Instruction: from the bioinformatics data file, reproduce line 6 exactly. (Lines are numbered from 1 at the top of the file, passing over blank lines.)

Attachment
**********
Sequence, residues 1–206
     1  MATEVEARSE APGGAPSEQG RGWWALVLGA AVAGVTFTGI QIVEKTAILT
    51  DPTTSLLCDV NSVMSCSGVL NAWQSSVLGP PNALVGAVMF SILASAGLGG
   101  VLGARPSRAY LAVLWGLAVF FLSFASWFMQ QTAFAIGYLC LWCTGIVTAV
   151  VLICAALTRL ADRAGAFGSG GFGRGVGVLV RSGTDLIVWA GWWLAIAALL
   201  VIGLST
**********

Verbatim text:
   201  VIGLST